- Wm Tyler Bentley's story
- Abraham & Annie Berk's Story
- Isaac & Henrietta Birk's story
- Mary A. Demarest's story
- Farkas & Kunstler Families
- Rachel & Jonah Jacobs' story
- Robert & Mary Larimer's story
- Meyer & Tillie Mahler's story
- Halbert McClure from Donegal
- Wood family of Ohio
- McKibbin & Larimer
- Schwartz family, Ungvar
- John & Mary Slatter's story
- Steiner & Rinehart story
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Wednesday, July 26, 2017
Both my paternal grandpa (Isaac Burk) and paternal grandma (Henrietta Mahler) may have clues hiding in the Litvak SIG databases. This morning was my opportunity to get better at finding those clues! Carol also explained about the areas covered by these databases.
One great take-away from Carol's session was: When you use the search box on the home page of the Litvak SIG home page, remember that it does not search the All-Lithuania Database. Another useful tip: If you find an ancestor held an internal passport (issued between the wars), send for it because there will be 7 or more pages filled with personal details.
By the time Judy took the microphone, the room was almost entirely full. Her talk was also specific and practical, describing the databases and search capabilities, and the constant flow of new records being found, translated, and added. Judy reinforced Carol's suggestion to use the interactive map, blow it up to see tiny villages surrounding larger towns, and expand your search to these other villages in case ancestors recorded births or married there, for instance. (Her reminder: Use current spelling of the area, not the old-fashioned name.)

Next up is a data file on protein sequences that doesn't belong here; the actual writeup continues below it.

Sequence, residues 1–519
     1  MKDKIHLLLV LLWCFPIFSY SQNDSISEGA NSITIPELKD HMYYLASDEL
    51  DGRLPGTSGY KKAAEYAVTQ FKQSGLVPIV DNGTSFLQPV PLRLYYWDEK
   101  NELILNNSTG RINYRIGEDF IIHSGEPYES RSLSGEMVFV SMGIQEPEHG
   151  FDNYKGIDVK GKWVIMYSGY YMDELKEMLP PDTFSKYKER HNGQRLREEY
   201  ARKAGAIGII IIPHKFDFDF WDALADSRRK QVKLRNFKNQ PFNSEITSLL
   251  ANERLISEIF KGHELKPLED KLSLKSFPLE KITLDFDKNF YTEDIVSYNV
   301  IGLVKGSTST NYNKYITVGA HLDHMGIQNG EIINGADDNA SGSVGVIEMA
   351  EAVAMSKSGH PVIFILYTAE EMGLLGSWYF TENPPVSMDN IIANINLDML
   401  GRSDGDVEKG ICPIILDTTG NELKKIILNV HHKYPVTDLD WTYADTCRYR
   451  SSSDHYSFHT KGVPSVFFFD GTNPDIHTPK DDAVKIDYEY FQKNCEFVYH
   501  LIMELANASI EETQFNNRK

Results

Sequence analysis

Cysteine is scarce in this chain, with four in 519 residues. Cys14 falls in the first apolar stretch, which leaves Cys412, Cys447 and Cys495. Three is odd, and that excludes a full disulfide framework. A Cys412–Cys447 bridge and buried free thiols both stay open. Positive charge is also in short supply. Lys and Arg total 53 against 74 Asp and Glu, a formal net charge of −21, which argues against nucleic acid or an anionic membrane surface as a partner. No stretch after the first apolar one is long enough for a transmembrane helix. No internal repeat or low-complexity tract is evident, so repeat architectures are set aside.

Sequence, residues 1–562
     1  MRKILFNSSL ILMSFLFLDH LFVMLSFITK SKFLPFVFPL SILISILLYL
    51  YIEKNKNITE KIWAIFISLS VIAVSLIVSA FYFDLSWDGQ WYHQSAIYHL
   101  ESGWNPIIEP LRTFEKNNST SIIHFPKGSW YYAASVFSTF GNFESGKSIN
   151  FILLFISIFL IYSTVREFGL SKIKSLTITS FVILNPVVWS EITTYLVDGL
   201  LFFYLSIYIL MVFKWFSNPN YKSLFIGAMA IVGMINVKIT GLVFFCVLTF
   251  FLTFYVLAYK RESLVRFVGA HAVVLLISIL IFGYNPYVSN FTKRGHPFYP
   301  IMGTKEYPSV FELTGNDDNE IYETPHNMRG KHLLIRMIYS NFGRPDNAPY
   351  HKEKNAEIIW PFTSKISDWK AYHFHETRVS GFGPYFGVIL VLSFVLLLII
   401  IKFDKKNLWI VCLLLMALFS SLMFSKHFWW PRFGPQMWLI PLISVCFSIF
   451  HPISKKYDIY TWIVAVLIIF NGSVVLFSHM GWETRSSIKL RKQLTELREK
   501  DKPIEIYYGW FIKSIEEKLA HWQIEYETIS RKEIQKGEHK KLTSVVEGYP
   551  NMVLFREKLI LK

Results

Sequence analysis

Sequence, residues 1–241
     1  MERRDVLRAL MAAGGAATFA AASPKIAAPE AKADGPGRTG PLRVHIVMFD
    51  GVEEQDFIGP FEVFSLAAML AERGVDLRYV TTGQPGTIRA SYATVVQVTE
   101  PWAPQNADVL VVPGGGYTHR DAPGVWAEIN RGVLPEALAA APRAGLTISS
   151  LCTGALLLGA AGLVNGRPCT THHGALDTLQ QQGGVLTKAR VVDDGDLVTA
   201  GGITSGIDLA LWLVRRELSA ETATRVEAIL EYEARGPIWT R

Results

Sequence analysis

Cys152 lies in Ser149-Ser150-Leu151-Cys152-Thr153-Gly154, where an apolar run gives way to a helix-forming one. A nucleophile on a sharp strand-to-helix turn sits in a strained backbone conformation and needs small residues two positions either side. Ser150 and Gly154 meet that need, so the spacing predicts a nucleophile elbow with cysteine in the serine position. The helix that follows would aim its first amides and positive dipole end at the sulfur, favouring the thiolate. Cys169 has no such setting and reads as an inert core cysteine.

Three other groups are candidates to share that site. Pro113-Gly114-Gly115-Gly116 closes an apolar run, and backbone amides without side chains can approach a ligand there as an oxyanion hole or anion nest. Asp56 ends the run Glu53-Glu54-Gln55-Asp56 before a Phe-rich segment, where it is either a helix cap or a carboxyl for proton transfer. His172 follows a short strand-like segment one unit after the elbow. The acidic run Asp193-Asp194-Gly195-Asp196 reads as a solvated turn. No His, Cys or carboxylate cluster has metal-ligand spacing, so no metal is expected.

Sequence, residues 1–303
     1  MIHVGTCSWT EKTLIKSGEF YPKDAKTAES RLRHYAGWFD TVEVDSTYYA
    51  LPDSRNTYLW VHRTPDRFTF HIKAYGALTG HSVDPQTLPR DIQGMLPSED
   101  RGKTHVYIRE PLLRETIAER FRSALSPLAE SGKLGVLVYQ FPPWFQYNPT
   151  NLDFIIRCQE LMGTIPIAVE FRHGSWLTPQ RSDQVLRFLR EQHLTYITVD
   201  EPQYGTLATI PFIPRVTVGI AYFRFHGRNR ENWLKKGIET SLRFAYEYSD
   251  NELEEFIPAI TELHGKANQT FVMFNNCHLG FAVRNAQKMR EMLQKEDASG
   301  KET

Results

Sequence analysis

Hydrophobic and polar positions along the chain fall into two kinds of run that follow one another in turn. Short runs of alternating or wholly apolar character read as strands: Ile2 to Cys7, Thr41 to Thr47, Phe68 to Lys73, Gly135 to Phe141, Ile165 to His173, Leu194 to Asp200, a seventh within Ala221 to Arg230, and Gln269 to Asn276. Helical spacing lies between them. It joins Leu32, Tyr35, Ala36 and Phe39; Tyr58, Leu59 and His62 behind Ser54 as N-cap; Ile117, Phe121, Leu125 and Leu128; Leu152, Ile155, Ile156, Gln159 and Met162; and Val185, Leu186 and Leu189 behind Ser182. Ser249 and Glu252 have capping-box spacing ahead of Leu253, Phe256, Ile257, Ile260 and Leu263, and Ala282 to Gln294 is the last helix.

She also explained the various search possibilities, including "fuzzy," "fuzzier," and "fuzziest." (Really! And really good to know how these work!) In addition, Judy urged the audience to check out Miriam Weiner's Routes to Roots Foundation for the existence of records in Eastern Europe.
Then I crossed the foyer to see Banai Lynn Feldstein's "Search as an Art." One key tip: Don't assume that a particular site uses US Soundex for its searches. She reminded the audience that Jewish Gen, for instance, uses Daitch-Mokotoff, as does Ancestry's Jewish Collection. (Read more about D-M and Soundex here.)
Banai echoed what so many other speakers have said, over and over (with good reason): Indexing may be incorrect or incomplete--always read the original image! She showed a few examples of why indexers sometimes get it wrong, urging us to click and read the image for ourselves.